Is your approach to Problem-Solving just a case of throwing your finger in the air and go in the direction of the wind? Is the solution driven by consensus, by just by senior leadership, or is it one man making the decisions? 

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I think back to my time in management and the use of that famous phrase, “Come to me with solutions, NOT problems”, then realised that my teams were never really taught how to problem-solve, so I just ended up overruling them anyway.

Taking the right approach to business problem-solving could be the difference between a hit and a miss, success and failure. A structured problem-solving approach on each level of the business can help to create cohesion between the teams, departments, and the leadership, plus free some time up to talk about more important things. 

Problem-solving doesn’t always require hours of time in a conference room with thousands of post-it notes scattered across the wall, unless it’s a really serious problem. Effective results can be just as easily obtained from short and simple exercises involving the people that are closest to the problem.  

Rules

There are some important rules to consider when doing a simple problem-solving exercise: –  

  1. Document and Define the problem in full. 
    • Only by writing down and defining what the problem is, can you effectively solve it and find solutions.  
    • Write the problem statement in a way that everybody can understand it. 
    • Include what the ideal outcome should be. 
  2. Involve people from closest to the problem. 
    • The best people to solve a problem are those that are affected by it. 
    • They may already know the solutions but haven’t been given a platform to give opinions before. Involving them prompts engagement and buy-in to the ideas from others within the team and helps towards implementing a smoother change. 
  3. Look beyond the initial symptoms and into root causes.  
    • The real cause of a problem is not always clearly visible at first sight. Learn to dig deep and look beyond the initial cause. 
    • If the number of root causes are increasing dramatically, consider an outside facilitator to conduct a larger problem-solving exercise. 
  4. Document the root causes. 
    • Record the root causes so that you can address each one in isolation. 
  5. Find solutions for ALL root causes and document. 
    • Address each root cause in turn. Brainstorm ideas that would remove or mitigate the cause.  
    • A good practice at this stage is to think of ideas that range from an easy fix to a blue-sky idea and capture everything.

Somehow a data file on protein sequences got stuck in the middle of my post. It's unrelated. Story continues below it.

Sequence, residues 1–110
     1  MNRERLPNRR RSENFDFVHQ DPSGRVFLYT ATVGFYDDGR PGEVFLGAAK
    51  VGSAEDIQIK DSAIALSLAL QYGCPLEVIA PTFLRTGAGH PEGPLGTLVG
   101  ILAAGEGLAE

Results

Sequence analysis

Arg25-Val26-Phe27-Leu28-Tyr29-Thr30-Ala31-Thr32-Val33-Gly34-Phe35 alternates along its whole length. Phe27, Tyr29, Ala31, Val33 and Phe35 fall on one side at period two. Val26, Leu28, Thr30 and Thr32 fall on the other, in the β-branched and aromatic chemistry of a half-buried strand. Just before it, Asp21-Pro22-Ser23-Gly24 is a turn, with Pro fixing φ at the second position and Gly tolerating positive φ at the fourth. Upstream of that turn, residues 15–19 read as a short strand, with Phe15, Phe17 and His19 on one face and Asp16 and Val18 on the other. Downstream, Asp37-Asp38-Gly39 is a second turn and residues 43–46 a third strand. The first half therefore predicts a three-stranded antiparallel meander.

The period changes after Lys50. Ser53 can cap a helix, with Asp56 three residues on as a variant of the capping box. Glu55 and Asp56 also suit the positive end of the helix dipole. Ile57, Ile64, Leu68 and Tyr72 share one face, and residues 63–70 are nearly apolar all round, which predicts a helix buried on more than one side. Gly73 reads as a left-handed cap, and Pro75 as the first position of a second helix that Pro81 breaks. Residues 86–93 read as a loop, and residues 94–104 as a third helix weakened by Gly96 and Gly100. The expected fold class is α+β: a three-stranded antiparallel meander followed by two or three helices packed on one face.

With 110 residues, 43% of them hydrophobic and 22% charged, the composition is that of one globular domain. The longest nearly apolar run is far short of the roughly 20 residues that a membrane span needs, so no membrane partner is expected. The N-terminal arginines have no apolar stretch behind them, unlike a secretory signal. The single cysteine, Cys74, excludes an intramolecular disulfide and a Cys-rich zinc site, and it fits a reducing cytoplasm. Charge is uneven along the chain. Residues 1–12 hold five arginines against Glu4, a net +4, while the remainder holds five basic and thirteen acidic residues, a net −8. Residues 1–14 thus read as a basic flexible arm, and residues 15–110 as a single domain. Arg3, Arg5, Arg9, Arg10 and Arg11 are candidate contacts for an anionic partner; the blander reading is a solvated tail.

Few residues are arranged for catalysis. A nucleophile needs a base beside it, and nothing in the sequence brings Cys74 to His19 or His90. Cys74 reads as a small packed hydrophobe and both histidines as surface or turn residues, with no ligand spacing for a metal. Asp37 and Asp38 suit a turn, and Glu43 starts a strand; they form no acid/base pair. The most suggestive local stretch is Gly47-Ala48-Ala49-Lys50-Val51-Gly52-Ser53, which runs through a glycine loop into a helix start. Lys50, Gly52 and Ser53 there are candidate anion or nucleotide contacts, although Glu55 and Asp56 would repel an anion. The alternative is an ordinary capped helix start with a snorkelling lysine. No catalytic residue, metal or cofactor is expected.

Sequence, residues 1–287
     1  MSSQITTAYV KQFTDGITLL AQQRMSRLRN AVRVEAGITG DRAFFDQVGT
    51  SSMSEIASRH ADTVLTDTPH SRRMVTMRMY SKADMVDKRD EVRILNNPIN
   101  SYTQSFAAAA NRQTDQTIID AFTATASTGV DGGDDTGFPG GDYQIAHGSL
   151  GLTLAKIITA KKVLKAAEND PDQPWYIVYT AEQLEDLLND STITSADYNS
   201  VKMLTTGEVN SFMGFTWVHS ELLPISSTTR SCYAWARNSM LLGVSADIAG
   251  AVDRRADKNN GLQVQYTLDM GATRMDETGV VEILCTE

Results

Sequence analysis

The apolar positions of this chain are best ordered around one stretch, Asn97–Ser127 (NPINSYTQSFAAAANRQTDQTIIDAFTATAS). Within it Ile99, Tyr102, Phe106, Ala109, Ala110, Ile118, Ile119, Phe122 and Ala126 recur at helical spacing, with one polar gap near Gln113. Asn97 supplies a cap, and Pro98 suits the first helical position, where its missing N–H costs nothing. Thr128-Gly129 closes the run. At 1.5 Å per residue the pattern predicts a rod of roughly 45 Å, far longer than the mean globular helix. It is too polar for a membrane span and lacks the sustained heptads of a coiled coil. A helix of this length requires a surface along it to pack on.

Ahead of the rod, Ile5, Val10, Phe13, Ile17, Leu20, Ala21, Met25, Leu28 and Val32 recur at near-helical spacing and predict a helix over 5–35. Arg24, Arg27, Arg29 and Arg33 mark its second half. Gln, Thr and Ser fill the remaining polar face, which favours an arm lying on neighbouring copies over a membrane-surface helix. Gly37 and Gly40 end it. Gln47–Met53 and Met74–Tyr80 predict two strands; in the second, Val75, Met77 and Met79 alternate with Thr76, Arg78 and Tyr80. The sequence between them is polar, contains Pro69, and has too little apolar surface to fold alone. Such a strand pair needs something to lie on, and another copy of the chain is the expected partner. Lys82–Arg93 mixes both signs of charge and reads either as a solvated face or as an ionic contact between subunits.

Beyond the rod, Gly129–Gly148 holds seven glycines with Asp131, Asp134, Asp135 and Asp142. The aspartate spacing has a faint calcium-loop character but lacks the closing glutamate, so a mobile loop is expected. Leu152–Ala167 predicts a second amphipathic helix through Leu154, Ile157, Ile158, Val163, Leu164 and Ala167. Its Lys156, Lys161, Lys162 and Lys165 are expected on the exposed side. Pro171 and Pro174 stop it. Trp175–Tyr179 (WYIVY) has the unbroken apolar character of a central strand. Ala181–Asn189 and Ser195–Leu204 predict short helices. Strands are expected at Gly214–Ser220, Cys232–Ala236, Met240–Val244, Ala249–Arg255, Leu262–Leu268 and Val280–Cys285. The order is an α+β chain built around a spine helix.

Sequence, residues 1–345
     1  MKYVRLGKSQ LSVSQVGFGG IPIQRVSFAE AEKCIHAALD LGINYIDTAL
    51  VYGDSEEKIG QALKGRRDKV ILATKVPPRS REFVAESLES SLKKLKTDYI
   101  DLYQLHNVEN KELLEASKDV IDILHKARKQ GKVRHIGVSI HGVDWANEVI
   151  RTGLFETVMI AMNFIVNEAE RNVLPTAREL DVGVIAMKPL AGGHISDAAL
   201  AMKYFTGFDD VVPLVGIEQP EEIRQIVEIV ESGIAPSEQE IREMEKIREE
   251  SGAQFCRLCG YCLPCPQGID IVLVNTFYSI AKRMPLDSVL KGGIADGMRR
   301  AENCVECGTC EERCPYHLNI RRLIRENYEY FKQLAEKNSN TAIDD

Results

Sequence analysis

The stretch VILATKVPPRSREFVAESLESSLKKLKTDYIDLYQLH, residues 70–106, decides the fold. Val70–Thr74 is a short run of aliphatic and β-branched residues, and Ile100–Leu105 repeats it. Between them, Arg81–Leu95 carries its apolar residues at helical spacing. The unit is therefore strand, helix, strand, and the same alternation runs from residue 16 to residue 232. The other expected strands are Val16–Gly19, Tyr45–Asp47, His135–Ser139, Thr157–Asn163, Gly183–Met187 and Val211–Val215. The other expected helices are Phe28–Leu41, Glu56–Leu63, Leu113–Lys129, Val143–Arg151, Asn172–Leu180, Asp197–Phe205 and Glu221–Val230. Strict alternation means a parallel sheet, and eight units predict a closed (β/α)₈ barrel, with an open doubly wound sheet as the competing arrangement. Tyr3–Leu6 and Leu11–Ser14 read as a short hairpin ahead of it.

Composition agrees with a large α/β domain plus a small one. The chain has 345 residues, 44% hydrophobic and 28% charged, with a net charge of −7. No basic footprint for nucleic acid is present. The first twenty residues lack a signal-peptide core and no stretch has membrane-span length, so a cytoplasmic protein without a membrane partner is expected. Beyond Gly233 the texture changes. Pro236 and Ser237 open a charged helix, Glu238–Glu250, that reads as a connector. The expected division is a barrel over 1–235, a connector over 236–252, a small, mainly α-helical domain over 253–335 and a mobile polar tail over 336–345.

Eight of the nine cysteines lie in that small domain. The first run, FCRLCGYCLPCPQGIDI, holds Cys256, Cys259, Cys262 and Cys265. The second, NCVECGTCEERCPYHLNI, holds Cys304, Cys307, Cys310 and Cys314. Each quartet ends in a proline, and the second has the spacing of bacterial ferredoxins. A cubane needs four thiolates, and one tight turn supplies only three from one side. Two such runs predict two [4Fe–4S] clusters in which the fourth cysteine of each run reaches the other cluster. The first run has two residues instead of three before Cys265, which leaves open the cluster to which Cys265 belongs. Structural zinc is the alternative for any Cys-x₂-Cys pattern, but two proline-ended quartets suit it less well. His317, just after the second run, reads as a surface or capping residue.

6. Prioritise the solutions. 
    • Take each of the potential solutions and prioritise them according to cost, time, and risk.  
    • Pick the low hanging fruit that are easy to implement at little to no cost or risk.  
    • Save the bigger ideas for a later occasion, but don’t rule them out. 
  7. Implement, train, evaluate and review. 
    • Implement the easy solutions immediately and plan the more complex solutions.  
    • If process related, document the new process or procedure, train the team on the new process or procedure, then monitor the improvements.  
    • Ensure that you review the process or procedure periodically to check ongoing relevance. 

The common factor throughout the whole process is “Document” it. You might not implement every solution, but by documenting them all, you can refer back to other ideas if the first idea doesn’t work. You may also have those blue-sky solutions that need further investigation or feasibility studies doing for potential future improvement projects.  

From experience, the same problem sometimes re-occurs. But what if it’s not the same people problem-solving when it re-occurs? Having reference to old problems will highlight if it has happened before and what was done previously.  

Where problems occur on two or more occasions, it is recommended that a fully facilitated problem solving exercise is carried out by a trained facilitator. The chances are that the problem has more than just a couple of root causes. So a continual improvement practitioner can really help to dig deep on root causes and help to create a full action plan to resolve. 

Combined Minds facilitate simple bitesize training workshops to give business leaders and management the tools and templates to structure their problem-solving, and best practice techniques on how to sustain the solutions. Where there are bigger problems to deal with, we can also facilitate a full scale problem deep-dive using the knowledge and skills of the people within the business.

To learn more email info@combined-minds.co.uk or arrange a free consultation.